280’s Vapor Sports Thrift Store helps abroad

By MIA BASS

Vapor Thrift Store Team

Members of the Vapor team at Vapor Sports Thrift Store. Back row: Gordon Higbee, Dustin Rosner and Mischa Jordy. Middle row: Travis Quinn, Josh Kirkland, Taylor Wyatt, Karson Nichols, Shelby Rodda and Steven Palmore. Front row: Silas Rosner, Stephanie Mleziva, Lesley Simons and Kim Thrasher.

Driving south on Highway 280 past Greystone, it’s hard to miss a bright red awning that reads, “Life is a vapor.”

Behind the awning is not just a shopping spot but a ministry that supports schooling, healthcare and athletic activities for children in Kenya and other parts of Africa—all relying on the hands and hearts of the people from the 280 area.

The store is run by manager Steven Palmore, but it isn’t heavily staffed. Instead, it depends on the spirit of volunteerism in the 280 area. Six volunteers come in on a regular basis; two work in the store daily. During the school year, high school students also cycle through in order to help.

“Seeing God’s hand in every step the store has taken is inspiring,” Palmore said. He came into the Vapor family about a year ago, but Kim Thrasher, an associate at the thrift store, has been a part of Vapor since the very start. She actually knew Micah McElveen, founder of Vapor Sports Ministries, before the accident and before the vision for Vapor.

The Vapor story

McElveen was injured and became a quadriplegic at age 14. After regaining use of his legs, he was able to play collegiate soccer for four years. His love of soccer led him on a month-long trip to Kenya. It was a common bond, kicking the ball between one another.

This was the trip that sparked the vision for Vapor Sports Ministries.

McElveen believed he could minister to kids in these impoverished countries by connecting with them over the game of soccer. He set out to raise leaders within these communities and create ministers as well as soccer coaches. McElveen began one center in Kenya while living there for a year, and his mission evolved into building 40 centers in 40 slums across Kenya and Africa by the year 2017. There are currently three operational centers in Kawangware, Ngong and Togoville, with plans to open four more in 2012.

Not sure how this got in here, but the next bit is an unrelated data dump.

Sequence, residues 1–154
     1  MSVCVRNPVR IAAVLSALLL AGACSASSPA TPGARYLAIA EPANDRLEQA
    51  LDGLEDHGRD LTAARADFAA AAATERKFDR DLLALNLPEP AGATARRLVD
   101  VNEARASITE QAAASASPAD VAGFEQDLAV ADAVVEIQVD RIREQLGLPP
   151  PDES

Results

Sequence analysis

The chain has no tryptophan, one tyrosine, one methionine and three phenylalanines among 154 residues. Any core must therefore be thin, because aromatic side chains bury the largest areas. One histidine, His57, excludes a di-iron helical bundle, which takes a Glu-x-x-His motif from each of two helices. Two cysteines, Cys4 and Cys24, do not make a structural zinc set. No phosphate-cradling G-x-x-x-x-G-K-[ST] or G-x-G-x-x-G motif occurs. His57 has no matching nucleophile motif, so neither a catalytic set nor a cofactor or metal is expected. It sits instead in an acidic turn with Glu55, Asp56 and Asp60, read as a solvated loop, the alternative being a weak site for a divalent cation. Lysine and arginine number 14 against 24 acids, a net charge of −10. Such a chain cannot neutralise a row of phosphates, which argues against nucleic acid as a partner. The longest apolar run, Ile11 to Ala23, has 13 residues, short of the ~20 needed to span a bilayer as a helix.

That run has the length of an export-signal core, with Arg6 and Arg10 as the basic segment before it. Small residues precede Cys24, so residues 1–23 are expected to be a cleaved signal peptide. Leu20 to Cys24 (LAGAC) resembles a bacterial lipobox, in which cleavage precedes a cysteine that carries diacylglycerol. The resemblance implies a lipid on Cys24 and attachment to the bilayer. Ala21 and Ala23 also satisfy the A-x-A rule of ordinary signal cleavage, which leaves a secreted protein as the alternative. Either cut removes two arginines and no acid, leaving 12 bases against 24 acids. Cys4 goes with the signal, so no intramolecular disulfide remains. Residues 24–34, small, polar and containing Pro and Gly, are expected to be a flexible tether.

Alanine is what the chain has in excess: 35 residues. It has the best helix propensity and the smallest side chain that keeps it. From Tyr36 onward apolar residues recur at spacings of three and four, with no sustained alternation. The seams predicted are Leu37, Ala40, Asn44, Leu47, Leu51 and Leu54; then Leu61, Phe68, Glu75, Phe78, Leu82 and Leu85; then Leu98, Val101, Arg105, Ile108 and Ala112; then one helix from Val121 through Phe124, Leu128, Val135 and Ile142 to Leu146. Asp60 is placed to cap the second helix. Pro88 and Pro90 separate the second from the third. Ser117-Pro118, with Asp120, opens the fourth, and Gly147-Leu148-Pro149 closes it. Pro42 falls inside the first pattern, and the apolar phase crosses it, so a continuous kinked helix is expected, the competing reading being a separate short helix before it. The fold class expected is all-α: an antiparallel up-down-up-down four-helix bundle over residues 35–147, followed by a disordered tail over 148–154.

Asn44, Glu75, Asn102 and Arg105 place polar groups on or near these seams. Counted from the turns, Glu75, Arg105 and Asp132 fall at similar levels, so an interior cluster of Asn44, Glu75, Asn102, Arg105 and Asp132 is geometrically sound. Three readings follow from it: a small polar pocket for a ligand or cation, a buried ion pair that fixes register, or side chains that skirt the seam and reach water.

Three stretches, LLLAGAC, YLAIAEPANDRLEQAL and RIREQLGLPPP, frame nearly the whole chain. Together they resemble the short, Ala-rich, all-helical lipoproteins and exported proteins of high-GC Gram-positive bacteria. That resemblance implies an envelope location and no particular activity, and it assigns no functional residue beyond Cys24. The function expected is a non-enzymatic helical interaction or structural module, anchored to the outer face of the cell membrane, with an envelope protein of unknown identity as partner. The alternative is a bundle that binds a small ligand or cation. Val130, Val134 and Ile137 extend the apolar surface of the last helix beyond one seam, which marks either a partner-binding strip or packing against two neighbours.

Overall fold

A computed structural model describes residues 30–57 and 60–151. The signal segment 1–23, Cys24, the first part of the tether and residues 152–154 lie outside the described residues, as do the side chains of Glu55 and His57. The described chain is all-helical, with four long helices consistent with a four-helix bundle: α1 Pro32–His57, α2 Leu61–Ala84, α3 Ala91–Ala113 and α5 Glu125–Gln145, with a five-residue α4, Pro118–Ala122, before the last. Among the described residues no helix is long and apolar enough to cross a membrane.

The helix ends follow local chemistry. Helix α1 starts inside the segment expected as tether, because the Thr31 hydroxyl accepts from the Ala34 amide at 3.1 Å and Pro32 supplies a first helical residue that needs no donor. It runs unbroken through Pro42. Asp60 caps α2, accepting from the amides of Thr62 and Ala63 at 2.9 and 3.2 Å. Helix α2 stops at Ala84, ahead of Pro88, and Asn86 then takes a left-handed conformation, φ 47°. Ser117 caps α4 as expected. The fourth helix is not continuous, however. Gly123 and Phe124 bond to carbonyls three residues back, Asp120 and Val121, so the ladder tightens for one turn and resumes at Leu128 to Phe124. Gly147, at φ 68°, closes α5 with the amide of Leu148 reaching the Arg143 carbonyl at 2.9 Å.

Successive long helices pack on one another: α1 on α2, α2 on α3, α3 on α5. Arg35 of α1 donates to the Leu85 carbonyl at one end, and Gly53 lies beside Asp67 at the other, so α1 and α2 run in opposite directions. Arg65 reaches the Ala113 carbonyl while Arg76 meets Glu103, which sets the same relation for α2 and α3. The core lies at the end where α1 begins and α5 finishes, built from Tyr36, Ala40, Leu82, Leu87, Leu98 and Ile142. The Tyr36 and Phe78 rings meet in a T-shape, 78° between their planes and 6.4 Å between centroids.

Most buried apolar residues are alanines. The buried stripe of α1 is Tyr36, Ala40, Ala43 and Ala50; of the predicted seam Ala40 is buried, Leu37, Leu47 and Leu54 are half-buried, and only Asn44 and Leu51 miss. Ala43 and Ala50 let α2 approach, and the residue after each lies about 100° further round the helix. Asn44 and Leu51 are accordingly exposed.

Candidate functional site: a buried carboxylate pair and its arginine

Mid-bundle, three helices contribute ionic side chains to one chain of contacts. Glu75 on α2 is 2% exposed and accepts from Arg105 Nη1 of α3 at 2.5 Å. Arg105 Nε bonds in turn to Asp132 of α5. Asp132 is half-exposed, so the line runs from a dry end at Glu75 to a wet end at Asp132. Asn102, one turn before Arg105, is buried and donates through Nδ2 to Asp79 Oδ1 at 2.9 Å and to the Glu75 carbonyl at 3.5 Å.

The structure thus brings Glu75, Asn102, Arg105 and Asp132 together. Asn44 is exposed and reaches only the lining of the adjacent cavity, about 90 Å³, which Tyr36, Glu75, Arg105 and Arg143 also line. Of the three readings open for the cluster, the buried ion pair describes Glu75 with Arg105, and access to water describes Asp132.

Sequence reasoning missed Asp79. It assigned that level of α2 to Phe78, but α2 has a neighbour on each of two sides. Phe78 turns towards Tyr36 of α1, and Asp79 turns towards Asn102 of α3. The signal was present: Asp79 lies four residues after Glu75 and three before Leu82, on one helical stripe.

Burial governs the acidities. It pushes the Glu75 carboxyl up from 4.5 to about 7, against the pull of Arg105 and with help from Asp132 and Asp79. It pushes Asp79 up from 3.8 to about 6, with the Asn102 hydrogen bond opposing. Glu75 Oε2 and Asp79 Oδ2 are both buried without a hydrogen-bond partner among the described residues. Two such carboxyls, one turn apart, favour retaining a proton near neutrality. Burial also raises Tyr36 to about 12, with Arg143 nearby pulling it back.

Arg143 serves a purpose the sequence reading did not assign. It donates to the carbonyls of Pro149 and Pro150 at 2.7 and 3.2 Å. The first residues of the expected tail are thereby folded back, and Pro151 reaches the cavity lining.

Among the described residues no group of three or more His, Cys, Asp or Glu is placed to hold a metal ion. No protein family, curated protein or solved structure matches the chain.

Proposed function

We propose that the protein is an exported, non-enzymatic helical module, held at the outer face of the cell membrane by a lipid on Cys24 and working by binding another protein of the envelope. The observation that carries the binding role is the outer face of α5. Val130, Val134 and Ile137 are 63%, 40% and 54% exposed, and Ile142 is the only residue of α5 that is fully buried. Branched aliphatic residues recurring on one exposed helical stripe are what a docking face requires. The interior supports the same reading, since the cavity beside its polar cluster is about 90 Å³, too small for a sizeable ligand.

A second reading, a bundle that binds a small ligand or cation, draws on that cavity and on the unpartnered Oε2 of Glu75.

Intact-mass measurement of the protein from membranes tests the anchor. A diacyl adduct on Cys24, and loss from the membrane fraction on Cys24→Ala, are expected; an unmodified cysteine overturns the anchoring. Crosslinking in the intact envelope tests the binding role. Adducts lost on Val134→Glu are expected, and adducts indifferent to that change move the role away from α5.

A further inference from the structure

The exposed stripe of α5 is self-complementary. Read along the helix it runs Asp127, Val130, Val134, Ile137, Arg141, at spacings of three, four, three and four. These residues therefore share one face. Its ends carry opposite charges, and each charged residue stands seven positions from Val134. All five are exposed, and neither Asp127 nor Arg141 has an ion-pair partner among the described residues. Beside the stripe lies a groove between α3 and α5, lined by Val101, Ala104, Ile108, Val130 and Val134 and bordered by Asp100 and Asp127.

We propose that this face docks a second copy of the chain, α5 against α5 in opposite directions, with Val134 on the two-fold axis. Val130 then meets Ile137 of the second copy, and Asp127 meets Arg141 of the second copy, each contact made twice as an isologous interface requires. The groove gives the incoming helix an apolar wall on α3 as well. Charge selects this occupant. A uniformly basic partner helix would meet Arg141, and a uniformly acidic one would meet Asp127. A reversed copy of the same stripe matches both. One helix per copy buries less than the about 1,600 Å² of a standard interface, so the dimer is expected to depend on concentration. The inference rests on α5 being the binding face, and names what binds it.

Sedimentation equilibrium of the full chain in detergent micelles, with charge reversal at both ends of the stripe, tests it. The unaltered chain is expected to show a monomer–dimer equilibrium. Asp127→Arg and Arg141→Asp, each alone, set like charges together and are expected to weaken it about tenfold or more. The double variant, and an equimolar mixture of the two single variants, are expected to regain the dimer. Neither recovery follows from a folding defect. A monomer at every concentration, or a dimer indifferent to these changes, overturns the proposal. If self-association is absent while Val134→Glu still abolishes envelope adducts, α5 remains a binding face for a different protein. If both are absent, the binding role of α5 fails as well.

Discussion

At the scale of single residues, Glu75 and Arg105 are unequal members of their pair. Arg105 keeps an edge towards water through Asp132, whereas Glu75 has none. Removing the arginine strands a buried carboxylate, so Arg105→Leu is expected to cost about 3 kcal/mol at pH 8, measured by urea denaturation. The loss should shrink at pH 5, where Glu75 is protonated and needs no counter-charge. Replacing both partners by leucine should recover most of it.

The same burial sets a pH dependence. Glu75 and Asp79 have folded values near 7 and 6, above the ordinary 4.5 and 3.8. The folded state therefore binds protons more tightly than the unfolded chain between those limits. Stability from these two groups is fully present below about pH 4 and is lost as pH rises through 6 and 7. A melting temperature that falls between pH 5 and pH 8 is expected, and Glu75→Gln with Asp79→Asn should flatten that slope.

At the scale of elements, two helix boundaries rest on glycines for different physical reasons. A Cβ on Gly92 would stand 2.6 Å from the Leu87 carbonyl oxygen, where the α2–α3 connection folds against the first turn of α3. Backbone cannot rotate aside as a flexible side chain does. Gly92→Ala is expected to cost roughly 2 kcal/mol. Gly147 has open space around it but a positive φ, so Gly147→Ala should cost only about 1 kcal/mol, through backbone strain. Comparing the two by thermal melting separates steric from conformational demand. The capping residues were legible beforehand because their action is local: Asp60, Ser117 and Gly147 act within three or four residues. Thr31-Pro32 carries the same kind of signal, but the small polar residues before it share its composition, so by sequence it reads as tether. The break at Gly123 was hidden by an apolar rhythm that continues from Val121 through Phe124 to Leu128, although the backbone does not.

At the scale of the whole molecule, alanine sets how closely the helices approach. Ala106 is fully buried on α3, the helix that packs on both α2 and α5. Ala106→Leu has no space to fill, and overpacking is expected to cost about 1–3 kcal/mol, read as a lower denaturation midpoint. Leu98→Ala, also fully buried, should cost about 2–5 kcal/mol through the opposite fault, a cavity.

A section of the Highway 280 store is devoted to educating shoppers on the work that is ongoing in Africa. A flat screen and sound system broadcast Vapor’s vision when you walk in the store.

And it is a team of 280 residents and Alabamians who make much of the international ministry possible.

When the Vapor team needed a headquarters four years ago, they received hospitality only an Alabama resident could provide. McElveen came to Sylacauga to visit his uncle and met David Pursell, who owns Farmlinks Golf Course. Pursell gave Vapor much needed office space as well as housing accommodations for all employees. That number has grown over time to 10.

The ministry has also reoriented the goals of people like Vapor’s Vice President of Finance Daniel Roberts. “Our one goal, whether it’s thrift stores or how we raise money, is to make disciples,” said Roberts. He says that there will always be elements to running a business, but the goals change when you’re surrounded with fellow believers. Roberts admits he was one of those who graduated with an accounting degree and a goal of making the most money possible.

“I landed a dream job out of college and learned from the best Christian businessman I know,” Roberts said. It was through his boss that he had his chance meeting with McElveen. Roberts left the bank to spend four and a half months in India. He knew he had to call McElveen once he got home.

After the man who was originally hired to open the store was unable to be there for opening day, Roberts took the reins on September 23, 2009. “I was there to stay,” Roberts said.

A community ministry

It’s that sort of passion that is evident to those who frequent the thrift store. Church groups including those from McElveen’s home church, The Church at Brook Hills, come together to volunteer—from sorting donated items to folding jeans. But this isn’t a one-way process. While Vapor’s primary purpose is to benefit the ministries abroad, they also support local people traveling oversees for mission trips, give back to the churches and help the community as a whole.

After seeing the way the 280 and greater Birmingham community reacted and supported the ministry, Roberts and the Vapor team decided to open another branch of the thrift store in Columbus, Ga. and have plans to open another store the first of next year.

Vapor has helped with funds to send people overseas on mission trips. Most recently, Vapor helped when The Church of Brook Hills partnered with a church in Pratt City to assist 60 displaced families affected by the April 27 tornadoes. “Vapor is providing the resources toward stabilization,” said Brook Hills Local Disciple-Making Pastor Keith Stanley. Vapor provided these 60 families with vouchers to use in the thrift store to reestablish some feeling of normalcy.

The next time you’re driving down Highway 280 and have a little extra time, stop by Vapor to shop, donate, check out the handmade Kenyan bracelets or a sponsor a child. You can learn more about out what Vapor is doing overseas or fill out an application to volunteer at the thrift store at www.vaporsports.org.

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